Not Okay? Not the End II

I was twenty-three years old when I learned that my parents were getting divorced. The information wasn’t news to me. My parents always had a very volatile relationship with very high highs and very low lows. By the time I was fifteen I was stomping around the house yelling “just get a divorce already!” I saw too much, I knew too much and I expressed that by avowing to be completely different from my mom and dad. To me, my dad was oppressive and my mom was weak for not fighting him on things she knew weren’t right. I was a rageful bitch who took every opportunity to tell my parents how bad they sucked. I slammed doors, I threw fits, I caused scenes.

I spent most of high school and college trying to settle down young and create the family I really wanted. At twenty-one I moved out of the house on a whim and never went back. I played house and always dreamt up ways our relationship would be perfect, when our relationship wasn’t so different than my parent’s in so many ways. That relationship ended in 2008 and I was able to spread my wings for the first time. I was living in Manhattan wasting student loan money and back on the hunt for the perfect partner.

In the meantime, my family had moved to South Carolina. They sold our house and bought a simple home in a cute community only minutes away from the beach. The plan was to be entrepreneurial and free up some money to help me with law school when they could. TBH I actually had hope. That hope was short-lived.

When I found out my parents were getting divorced naturally I made it about me. I was in law school, surrounded by a different “class” of people and I was about to be from an even more broken family than I already was. I was concerned about my parent’s finances. I was concerned about having to be concerned when I was supposed to be focusing on me. I was embarrassed, disgusted and insecure.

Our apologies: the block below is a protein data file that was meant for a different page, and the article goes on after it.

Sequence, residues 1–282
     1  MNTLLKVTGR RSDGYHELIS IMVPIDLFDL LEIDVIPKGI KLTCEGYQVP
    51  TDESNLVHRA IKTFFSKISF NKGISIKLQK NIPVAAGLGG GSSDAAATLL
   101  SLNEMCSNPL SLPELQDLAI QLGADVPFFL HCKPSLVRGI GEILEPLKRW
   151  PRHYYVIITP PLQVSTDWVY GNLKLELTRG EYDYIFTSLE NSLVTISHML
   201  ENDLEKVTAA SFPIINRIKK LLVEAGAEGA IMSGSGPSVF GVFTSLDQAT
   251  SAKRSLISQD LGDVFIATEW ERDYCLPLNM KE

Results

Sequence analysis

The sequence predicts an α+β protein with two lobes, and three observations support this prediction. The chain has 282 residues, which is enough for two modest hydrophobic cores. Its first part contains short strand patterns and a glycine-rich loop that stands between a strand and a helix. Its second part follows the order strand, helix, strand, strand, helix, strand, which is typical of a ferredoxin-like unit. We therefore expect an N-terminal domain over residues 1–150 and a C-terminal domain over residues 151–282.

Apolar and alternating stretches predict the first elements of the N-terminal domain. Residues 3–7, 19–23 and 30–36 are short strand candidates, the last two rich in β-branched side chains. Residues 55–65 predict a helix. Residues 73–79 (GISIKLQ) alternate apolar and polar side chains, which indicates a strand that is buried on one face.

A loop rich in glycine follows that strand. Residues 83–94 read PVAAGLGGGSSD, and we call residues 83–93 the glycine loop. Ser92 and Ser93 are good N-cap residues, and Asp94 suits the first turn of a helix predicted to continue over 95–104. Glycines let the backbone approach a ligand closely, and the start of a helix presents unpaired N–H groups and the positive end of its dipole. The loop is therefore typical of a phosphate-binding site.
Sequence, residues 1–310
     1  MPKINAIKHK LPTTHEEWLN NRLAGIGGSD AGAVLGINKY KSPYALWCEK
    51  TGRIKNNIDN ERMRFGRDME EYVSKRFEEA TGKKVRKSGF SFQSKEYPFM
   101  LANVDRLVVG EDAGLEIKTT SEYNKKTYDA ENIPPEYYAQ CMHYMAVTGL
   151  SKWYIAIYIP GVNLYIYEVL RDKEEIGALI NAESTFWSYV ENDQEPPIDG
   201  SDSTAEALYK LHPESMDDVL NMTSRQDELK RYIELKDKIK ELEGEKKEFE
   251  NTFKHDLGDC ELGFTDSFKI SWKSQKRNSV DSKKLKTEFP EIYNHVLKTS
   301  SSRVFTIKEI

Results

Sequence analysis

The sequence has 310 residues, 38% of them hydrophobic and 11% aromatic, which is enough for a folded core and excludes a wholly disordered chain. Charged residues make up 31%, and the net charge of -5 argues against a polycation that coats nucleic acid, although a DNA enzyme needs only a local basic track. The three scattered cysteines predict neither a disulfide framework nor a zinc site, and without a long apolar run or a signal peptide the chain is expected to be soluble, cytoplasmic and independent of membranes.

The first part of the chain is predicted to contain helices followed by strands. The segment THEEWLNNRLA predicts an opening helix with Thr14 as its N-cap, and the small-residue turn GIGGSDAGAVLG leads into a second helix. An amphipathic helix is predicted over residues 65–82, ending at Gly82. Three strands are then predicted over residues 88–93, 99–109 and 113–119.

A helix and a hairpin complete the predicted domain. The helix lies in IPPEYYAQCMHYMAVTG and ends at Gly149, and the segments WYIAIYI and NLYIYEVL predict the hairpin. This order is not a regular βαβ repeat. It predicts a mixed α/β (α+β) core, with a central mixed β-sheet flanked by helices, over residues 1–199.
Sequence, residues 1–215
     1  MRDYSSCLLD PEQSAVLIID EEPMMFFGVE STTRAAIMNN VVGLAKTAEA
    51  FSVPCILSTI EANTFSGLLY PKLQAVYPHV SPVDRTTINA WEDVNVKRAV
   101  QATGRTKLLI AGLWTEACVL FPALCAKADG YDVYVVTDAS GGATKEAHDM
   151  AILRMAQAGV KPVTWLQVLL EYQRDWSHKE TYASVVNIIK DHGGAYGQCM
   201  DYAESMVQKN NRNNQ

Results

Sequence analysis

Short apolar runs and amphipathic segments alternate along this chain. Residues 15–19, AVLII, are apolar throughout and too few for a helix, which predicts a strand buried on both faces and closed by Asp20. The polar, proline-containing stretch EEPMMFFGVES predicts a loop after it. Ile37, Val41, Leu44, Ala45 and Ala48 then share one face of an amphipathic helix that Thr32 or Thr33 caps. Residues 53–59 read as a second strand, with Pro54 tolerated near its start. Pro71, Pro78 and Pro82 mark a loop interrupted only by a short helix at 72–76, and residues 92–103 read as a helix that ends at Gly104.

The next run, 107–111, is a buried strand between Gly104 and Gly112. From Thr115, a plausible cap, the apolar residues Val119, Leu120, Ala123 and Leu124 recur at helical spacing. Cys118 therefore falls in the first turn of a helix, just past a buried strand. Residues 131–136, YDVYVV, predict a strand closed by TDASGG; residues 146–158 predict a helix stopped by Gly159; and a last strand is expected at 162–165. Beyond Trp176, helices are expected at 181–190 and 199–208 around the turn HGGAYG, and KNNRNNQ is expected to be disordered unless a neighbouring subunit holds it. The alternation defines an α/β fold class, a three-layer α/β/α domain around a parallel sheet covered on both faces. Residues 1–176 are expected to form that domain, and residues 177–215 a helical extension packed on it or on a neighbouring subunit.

You always hear stories of parents waiting for their kids to go to college or get out of the house before filing for divorce with the hope of sparing them the heartache of a broken home. There’s no question that a divorce is more complicated with younger children, but divorce is more than just a breakup. It’s the breakdown of a family unit. And people aren’t always better on their own.

Being old enough to understand what’s really going on is not much better. Regardless of effort, I would hear bad things from each of them about the other. I would see each of their individual struggles and blame it on the other. I avoided phone calls, drank a lot and worked hard to be someone completely different than I was raised. I was becoming an adult during a time I felt most alone and unsupported, all because of my parent’s divorce.

But, the last ten years have been extremely formative. After a lot of reflection and hard lessons learned I don’t need to reject my parents in order to be a version of me that I’m happy with.  My mom, dad, sister and I have all fallen on some really hard times over those ten years. At times it truly felt like our world’s were falling apart and yet, somehow, we made it. Don’t get my wrong, none of us are perfect, but when it comes down to it, we remain a family and do what needs to be done to make sure we all remain standing.